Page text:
Defrag: Visualizations of Social Media

Mattdiagram

JC Herz’s talk was originally "Visualization of Social Intelligence", but she felt that "Visualizations of Social Media" was a better description of what she was actually discussing. She started off in an iconoclastic vein, comparing current social visualizations to lava-lamps or snow globes; fascinating, but conveying absolutely no information. Pretty but useless.

To find a better way, she took us on a whistle-stop tour of the history of graphical data, or pictures that tell stories. Snow’s cholera map and Guerry’s suicide map of France were two classic examples. One common theme with all the classic visualizations is that they were snappy graphics for hidebound institutions. Because producing them involved a lot of manual effort and time, they were only created to address pressing problems.

She then moved on to an example of some work she’d done in this area. She had a brief to investigate how you can visualize coordination in a group, using data from the America’s Army game. She created a way of viewing a particular team’s communications over time, with a 3D graph showing communications as circles on a line, with a line for each team member and the distance along the line representing time. Using this tool, she was able to draw out statistical measures that could tell which teams were effective, based purely on their communication patterns.

One thing she thought important to emphasize is the value of time as a parameter in most visualizations. Current social graphs have no awareness of time.

Another important component of a successful visualization is that it should have consequences. She took the example of the study of dating patterns in a mid-west high-school, and asked if anyone would have been interested in the same graph showing SMS patterns in that high-school? Another example that speaks to the same question is a map showing what name people in different parts of the country use for pop or soda. There isn’t a big consequence to this map, but the minor light it sheds on the culture of the US is enough to get people interested.

The Trulia Hindsight visualization combines both something people are very interested in, real estate, and shows it over time. It tells a story, in a very compelling way.

Space is an important dimension for telling stories too, which is why maps showing political fundraising by area are so fascinating. Conflict or drama is the third ingredient to a compelling story, which is why the diagram showing book buying patterns by party affiliations was such a success.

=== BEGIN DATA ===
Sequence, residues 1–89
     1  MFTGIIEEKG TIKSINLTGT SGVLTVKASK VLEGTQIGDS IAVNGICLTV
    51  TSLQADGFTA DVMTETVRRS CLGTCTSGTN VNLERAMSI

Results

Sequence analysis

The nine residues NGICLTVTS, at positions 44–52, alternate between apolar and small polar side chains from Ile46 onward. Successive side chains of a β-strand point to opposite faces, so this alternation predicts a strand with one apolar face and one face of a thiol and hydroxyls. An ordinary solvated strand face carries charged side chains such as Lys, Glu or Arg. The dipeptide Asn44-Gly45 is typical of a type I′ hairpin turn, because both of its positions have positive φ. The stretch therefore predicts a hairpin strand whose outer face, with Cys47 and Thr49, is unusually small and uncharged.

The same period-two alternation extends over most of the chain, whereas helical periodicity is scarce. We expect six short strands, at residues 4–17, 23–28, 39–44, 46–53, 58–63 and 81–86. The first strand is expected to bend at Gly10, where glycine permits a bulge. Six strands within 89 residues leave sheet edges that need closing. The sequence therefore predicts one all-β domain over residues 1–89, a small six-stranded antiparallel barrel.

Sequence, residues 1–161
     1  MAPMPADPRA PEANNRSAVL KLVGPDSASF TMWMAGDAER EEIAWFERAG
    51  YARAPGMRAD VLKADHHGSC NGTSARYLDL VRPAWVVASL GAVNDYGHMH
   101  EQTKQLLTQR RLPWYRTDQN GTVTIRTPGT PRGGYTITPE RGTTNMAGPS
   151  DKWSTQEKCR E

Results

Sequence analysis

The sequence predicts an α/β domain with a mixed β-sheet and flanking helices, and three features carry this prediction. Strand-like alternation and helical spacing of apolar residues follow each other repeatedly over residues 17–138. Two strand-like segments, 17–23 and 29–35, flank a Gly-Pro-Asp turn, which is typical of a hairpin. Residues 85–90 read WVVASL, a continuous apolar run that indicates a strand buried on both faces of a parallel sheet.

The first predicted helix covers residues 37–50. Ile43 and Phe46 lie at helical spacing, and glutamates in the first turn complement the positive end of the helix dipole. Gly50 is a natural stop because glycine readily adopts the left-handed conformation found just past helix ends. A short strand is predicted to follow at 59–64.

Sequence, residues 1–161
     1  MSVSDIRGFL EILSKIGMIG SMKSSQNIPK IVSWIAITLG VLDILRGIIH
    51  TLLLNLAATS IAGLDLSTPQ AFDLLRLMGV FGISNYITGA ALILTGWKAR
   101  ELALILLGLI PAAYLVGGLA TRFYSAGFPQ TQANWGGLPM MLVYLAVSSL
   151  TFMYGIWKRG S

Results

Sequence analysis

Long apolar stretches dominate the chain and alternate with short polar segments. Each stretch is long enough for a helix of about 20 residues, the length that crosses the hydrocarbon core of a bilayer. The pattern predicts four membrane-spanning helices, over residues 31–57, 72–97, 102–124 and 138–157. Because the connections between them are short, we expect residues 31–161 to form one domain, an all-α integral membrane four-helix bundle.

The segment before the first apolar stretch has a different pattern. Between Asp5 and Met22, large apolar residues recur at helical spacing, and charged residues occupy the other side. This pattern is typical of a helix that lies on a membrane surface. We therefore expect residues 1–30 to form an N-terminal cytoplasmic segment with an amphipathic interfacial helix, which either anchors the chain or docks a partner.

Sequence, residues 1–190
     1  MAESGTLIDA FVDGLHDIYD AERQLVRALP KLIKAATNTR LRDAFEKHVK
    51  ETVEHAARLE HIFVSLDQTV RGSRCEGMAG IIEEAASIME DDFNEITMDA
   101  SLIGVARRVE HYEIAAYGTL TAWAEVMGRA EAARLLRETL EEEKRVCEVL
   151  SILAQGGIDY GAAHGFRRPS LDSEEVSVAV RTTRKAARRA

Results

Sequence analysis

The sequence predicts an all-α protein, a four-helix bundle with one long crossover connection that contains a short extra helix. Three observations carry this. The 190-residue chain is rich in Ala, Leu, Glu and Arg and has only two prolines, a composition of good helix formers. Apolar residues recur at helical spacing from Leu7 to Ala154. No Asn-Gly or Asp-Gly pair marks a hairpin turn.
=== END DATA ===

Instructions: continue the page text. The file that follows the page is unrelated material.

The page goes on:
A story isn’t just an automatic result of running data through an algorithm, to get insight, you have to engage in a dialog with the data. If you ask stupid questions, you get stupid answers.

To wrap up, she proposed some principles about what makes a visualization useful. There should be less information, but the right information. Not just a mish-mash of all the data you have, but a focused version that shows a selected subset of interesting or surprising information. All visualizations should tell a story, which requires notions of time, space, and something at stake. This is why so many popular visualizations are political, because people are trying to make important decisions. To be useful, the visualization also has to be sharable. You’re trying to tell a story to affect something in the real world, and the only way of affecting things is by getting other people involved.

A good test for whether a visualization is any good is asking if it has any consequences? It’s such a waste to go to all the effort of producing a diagram if it doesn’t matter. Any artifact you produce must be sharable to be effective.

The first question came from Matt Hurst, the author of the first diagram JC used in her rogues gallery of pretty but useless visualizations! He’s got an online response here too. He wondered if the America’s Army diagrams were any more intelligible? He also brought up the survivorship bias problem; you can’t know if you’ll get something compelling out of your data set before you start attacking it. You never know which question you ask of it will produce something compelling or surprising.

JC agreed with this, and thought the answer was to emphasize the analysis stage, rather than skipping it.

A lady, whose name I didn’t catch, (edit- Marti Hearst, the Berkeley professor, who was in the "Next level discovery" panel, thanks Matt and apologies Marti, you were out of line of sight for me) said that it’s very hard to make visualizations. The reason that the Amazon political preferences example is still used, years after it was created, is that it’s tough to create something that compelling, and it also needs some luck. She agreed with Matt that the army example was confusing.

JC’s response was that you do need a lot of domain knowledge to be effective.

Another point the same lady Marti brought up was that in the high school example, SMS patterns could be incredibly important if it was a forensic investigation after a school shooting.

As support for this idea, JC brought up the example of the correlation between Snickers sales in prison commissaries, and riots. It’s apparently the best method of predicting riots, much better than more obvious metrics like violent incidents, because the inmates know something is brewing, and want to stock up on food.

Mershad Setayesh from Collective Intellect said that visualizations only make sense if you can see a pattern. How do you do that? Is there a methodology to get patterns from your data?

JC suggested various methods, applying calculus, and bundling points up using natural analysis, to find things like cliques.

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